Welfare payments 'have become a poverty trap': Anglicare Australia

People are forced to make terrible choices between paying for rent, food, health or bills, Christian agencies say

Anglicare Australia's Executive Director Kasy Chambers said the Social Policy Research Centre report had provided more proof that Newstart and the Youth Allowance should be increased "as a matter of urgency" to ensure they were a living wage for the people who relied on them.

September 26 2017Anglicare Australia has joined other leading welfare agencies in pressing the Federal Government to acknowledge that the Newstart and Youth Allowance payments are not enough to cover the cost of living and are leading recipients into poverty.

Anglicare Australia, Mission Australia, the St Vincent de Paul Society National Council, and Anglicare Australia made the appeal to Canberra after new figures released by the Social Policy Research Centre at the University of NSW showed that people on Newstart and the Youth Allowance would need up to $96 a week more to cover their regular expenses.

The Executive Director of Anglicare Australia, Ms Kasy Chambers, said: “This report tells us what we’ve already known for years – that Government payments are so low that they’ve become a poverty trap.

“Anglicare Australia’s own annual Rental Affordability Snapshot, along with our national food insecurity research, shows that people who rely on these payments cannot afford to pay for their most basic needs. Instead, they are forced to make unfair trade-offs: rent or food; rent or medical needs; bills or transport for work.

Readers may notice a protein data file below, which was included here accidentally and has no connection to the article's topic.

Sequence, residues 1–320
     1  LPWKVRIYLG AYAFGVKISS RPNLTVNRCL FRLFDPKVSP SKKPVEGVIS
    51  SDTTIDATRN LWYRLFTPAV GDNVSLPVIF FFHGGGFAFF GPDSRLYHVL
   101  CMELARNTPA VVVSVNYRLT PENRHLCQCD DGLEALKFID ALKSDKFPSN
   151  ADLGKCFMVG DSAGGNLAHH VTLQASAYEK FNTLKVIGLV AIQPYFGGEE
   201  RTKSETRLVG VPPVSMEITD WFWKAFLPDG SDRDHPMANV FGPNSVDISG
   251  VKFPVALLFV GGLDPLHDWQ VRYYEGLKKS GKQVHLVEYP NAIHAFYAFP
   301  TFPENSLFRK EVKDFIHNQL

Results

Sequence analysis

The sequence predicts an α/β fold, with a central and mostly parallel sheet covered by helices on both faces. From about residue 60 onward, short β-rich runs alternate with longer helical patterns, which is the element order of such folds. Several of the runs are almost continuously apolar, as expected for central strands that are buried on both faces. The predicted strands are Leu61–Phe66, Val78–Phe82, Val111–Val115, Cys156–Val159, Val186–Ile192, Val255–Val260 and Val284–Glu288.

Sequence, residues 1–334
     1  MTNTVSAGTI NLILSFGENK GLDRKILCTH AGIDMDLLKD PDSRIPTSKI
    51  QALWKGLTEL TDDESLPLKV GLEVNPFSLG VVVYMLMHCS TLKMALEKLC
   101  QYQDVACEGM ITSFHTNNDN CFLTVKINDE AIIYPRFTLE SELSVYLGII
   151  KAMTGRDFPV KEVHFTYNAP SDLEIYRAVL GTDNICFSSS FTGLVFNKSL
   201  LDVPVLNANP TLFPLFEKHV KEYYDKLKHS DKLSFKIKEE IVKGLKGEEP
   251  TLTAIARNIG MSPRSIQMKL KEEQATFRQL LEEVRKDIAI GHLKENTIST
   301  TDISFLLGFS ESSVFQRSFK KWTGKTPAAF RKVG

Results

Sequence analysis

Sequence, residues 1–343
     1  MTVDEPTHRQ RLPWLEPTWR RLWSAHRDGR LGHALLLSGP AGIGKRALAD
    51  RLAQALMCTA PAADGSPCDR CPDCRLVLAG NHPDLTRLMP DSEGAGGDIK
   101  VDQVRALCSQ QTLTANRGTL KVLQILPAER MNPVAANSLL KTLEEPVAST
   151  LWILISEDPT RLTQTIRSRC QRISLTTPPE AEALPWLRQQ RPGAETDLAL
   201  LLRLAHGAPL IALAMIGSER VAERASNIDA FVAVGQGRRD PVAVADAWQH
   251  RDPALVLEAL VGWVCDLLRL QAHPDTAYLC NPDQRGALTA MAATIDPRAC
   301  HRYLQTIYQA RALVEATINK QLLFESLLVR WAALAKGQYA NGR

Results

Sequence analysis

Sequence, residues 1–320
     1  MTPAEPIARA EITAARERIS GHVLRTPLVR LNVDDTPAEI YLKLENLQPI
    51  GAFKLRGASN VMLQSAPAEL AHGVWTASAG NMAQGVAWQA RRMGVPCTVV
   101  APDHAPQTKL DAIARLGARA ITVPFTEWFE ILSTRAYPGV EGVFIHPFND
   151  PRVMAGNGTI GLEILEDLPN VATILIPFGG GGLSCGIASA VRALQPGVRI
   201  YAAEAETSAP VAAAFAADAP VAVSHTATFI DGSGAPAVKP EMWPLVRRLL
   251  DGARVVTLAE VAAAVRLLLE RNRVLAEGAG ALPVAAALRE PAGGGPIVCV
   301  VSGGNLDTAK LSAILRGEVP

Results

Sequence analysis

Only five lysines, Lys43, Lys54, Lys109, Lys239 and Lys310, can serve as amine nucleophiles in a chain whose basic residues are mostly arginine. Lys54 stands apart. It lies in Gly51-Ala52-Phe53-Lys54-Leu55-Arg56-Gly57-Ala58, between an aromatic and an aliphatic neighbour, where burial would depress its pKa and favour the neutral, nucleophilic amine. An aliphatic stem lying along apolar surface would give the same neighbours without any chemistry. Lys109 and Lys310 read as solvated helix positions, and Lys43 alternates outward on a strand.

“We need to increase Newstart and Youth Allowance as a matter of urgency, and ensure that they are a living wage for the people who rely on them.”

Mission Australia’s CEO, Ms Catherine Yeomans, said the figures showed that Newstart and Youth Allowance were falling well short of the income needed to cover bills, food and rent.

“This is leaving families and individuals with terrible choices…,” she said.

“Without an adequate income, people are forced into unsuitable, and often unsafe accommodation because it is all they can afford. In the worst cases, they can lose their ongoing accommodation and be pushed into homelessness.

“For so many people we support through our services, the crippling cost of rent is a significant proportion of their income. Small changes in their financial circumstance, such as an unexpected health cost or an increase in their electricity bill, can really affect their ability to pay rent, throwing them into precarious and stressful situations.”

The CEO of the St Vincent de Paul Society National Council, Dr John Falzon, said the Government should focus on income adequacy instead of income management.

“You don’t build people up by putting them down,” Dr Falzon said. “You don’t help people into jobs by forcing them to live below the poverty line. You don’t address the structural causes of unemployment by punishing people. You don’t create an innovative economy or a fair society by allowing charity to become the default mode of delivering income support for people who bear the brunt of inequality.”